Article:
Rambling man and remaking remakes

Nothing is new

The cycle of remakes from the beginning and why it is needed

Frankenstein 1910

One of the many things that has been grinding the gears of modern cinema goers is the remake. Everything old is new again. Old films are remade. Newer films are remade. Series are rebooted or retooled or reimagined. It feels like there are no new ideas.

Frankenstein 1931

If you take a moment you will see this is the norm, not an aberration of the current time.

Curse of Frank 1957

When there is a shift in technology films get remade. It is a long standing practice of Hollywood since the early 1900s. Part of this is the ease a studio has to make a well performing film again. They do not have to invest as much in pre-production and can spend their money with more hope of recovering and profiting from it.

Horror of Frank 1970

Another cause is interest in the subject. You may have seen Doctor Jekyll and Mister dye when it came out in 190000, but your kid’s haven’t. Here comes the studio remaking it in 190000 with great success. Each generation gets their own version of the film.

Frank, the true story 1973

Where this changed significantly is the modern ability to rewatch a movie at your leisure. You no longer have to see it when it’s released and gone forever. You no longer have t hope it may repeat on television. Seen with modern eyes, it does feel redundant.

Young Frank 1974

A further reason is the mind of a filmmaker. Take a look at an easy one, George Lucas. He was enamored with Flash Gordon growing up. When he got the opportunity to make any film he wanted after American Graffiti, he chose Flash. Unable to get the rights, he created his own Flash Gordon. Which then inspired Dino de la Rentis to secure the rights to Flash and make his own version. Both loved Flash Gordon and wanted to see it again.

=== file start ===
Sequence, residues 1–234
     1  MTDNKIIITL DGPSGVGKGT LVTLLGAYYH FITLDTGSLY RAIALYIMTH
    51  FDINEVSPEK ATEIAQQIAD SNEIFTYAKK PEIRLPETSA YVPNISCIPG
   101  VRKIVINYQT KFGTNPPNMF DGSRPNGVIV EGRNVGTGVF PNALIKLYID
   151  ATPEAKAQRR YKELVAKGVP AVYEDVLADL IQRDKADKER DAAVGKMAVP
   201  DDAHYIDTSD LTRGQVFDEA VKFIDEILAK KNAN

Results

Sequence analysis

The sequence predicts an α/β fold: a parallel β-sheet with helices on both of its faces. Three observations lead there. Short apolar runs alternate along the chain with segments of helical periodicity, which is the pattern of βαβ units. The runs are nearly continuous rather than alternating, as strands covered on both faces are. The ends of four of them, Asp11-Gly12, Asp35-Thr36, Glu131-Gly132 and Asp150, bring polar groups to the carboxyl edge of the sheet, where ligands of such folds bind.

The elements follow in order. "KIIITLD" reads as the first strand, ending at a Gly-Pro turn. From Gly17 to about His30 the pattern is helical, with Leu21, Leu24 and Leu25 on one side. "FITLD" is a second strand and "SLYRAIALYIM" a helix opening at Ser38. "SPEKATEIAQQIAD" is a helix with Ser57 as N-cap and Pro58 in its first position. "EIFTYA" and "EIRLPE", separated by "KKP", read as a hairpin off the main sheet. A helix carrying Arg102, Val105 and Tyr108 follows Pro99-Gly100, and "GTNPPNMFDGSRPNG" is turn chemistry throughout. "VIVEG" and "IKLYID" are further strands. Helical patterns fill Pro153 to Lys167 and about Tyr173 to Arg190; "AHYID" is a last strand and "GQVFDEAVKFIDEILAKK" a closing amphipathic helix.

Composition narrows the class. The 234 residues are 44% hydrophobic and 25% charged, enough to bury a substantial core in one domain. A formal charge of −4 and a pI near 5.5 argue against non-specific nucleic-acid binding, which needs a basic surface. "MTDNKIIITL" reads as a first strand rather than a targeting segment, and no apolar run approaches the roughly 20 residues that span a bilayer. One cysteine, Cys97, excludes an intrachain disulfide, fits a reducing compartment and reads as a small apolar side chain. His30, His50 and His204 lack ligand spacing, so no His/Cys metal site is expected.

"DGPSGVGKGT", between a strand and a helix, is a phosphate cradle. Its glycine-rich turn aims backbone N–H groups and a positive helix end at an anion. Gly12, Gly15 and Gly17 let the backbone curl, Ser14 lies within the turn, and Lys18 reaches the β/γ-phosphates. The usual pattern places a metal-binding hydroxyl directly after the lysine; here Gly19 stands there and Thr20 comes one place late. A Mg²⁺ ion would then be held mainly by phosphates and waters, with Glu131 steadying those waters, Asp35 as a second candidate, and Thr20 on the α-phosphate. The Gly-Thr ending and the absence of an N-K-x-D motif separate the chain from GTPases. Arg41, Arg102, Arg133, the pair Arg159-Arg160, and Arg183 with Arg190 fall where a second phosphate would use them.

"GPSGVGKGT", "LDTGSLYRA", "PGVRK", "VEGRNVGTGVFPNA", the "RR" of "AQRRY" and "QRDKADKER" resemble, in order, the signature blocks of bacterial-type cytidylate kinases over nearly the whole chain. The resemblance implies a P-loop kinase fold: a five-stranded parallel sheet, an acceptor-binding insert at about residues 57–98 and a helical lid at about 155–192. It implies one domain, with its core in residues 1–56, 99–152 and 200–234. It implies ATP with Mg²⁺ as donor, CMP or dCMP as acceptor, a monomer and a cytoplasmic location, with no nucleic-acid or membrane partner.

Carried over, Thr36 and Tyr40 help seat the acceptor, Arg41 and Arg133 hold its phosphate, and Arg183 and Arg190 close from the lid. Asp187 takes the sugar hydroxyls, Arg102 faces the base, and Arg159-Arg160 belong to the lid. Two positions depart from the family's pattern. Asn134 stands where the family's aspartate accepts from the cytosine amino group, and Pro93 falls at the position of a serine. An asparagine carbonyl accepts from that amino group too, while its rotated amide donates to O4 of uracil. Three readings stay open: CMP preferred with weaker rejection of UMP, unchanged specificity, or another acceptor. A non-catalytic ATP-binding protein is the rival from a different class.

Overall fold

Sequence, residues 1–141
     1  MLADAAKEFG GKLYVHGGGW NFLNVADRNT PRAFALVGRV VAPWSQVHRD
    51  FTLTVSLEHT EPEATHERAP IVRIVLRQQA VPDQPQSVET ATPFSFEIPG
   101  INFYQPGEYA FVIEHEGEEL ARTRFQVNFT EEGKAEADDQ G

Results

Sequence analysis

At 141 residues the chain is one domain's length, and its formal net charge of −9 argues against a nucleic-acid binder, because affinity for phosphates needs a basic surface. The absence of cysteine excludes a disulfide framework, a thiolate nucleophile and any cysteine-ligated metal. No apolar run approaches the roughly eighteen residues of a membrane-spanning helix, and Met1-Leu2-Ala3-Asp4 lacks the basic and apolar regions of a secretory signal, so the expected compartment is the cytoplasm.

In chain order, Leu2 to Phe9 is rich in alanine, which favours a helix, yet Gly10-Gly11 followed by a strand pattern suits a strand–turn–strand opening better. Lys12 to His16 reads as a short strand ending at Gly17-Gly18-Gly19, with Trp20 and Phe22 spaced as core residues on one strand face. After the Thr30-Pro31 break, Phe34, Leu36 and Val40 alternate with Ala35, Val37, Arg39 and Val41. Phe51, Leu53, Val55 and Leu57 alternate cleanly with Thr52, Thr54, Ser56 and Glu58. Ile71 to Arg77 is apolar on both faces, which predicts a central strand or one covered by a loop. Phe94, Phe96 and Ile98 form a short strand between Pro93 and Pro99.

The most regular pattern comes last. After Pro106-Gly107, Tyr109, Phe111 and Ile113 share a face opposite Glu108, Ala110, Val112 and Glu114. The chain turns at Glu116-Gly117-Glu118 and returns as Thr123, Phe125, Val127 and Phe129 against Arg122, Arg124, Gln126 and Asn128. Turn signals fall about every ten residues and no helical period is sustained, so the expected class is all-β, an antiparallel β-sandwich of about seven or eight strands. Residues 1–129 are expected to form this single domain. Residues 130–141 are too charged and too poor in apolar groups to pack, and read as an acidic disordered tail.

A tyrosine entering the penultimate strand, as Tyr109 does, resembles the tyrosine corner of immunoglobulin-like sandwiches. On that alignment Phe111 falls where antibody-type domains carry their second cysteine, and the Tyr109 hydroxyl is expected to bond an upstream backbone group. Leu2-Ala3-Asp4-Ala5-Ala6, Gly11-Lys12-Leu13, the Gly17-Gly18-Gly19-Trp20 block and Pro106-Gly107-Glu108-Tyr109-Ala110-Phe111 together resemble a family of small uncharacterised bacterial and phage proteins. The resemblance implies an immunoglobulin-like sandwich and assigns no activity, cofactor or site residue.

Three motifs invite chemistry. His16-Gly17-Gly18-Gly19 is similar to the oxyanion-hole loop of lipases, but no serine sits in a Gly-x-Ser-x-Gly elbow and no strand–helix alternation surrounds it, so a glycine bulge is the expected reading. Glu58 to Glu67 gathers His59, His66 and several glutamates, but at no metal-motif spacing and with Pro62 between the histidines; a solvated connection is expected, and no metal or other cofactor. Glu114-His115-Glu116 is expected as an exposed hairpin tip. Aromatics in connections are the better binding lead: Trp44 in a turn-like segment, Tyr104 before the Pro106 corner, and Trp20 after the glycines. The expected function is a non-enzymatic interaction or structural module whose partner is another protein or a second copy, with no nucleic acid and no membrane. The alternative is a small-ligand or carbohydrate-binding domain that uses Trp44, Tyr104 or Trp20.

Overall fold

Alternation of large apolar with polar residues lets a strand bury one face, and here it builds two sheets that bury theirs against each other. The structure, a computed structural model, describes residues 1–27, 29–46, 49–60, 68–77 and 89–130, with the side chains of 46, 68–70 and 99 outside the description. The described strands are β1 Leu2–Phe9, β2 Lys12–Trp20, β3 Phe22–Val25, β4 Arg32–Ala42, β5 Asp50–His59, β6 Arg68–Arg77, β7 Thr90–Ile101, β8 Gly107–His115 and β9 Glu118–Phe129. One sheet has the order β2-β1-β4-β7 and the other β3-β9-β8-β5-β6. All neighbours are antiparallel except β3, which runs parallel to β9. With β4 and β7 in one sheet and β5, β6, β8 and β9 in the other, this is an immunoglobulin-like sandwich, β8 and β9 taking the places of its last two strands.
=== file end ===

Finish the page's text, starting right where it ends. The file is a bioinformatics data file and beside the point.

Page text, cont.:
Monster Squad 1987

Human nature is cyclical. We see the same trends come and go, generation after generation. Movies being remade endlessly is neither new nor significant.

Mary Shelley’s Frankenstein 1994

The ire should be aimed at the lack of quality, not the subject. Remaking a movie is not a sin. Remaking it poorly is. Too often we see a remake lack the qualities that made that property shine. Instead of boiling down the concept, understanding it, and then making it their own, the industry attaches a script already written to an older movie total and releases it. There is no love of cinema in this, just greed and poor thinking.

I, Frankenstein 2014

Audiences cringe yet still support the film with their money. this is exemplified by the success of the Marvel movie. As much as I love them and eat it all up like a good fanboy should, they are the purest form of repeating the same thing endlessly for spectacle and profit, nothing honorable. If they are well crafted, it is out of luck. They managed to hire someone who cares about the property and does the film right. Luck is keeping this ship afloat.

Victor Frank 2015

Eventually the super hero spectacle boom will bust, just as the action star, the slasher star, the cop drama star, the universal monster star, etc. Something similar, yet different enough to engage a younger audience, will appear and lead the next generation.

The Last Frankenstein movie 2015

We can combat the lack of quality by educating our youth by showing them good films. Teach them not to fear black and white, mono, grainy images from the past. Guide them to films that match their taste but are of high quality. there is a reason why the best filmmakers always reminisce about not just the films they loved as kids but also the films they saw that inspired.

Frank 2015

© 2023, mikegallagherart. All rights reserved.

3 thoughts on “Rambling man and remaking remakes

  1. I’m more upset that the military has to insert itself into movies now. Look at Monster Hunter-a movie based on a fantasy world where people hunt monsters. Sounds like an easy movie to make, right?
    Well screw you, the movie gotta have American marines in it for reasons! Propaganda is gonna stifle creativity more than remakes at this point…

Leave a Reply

This site uses Akismet to reduce spam. Learn how your comment data is processed.

%d bloggers like this: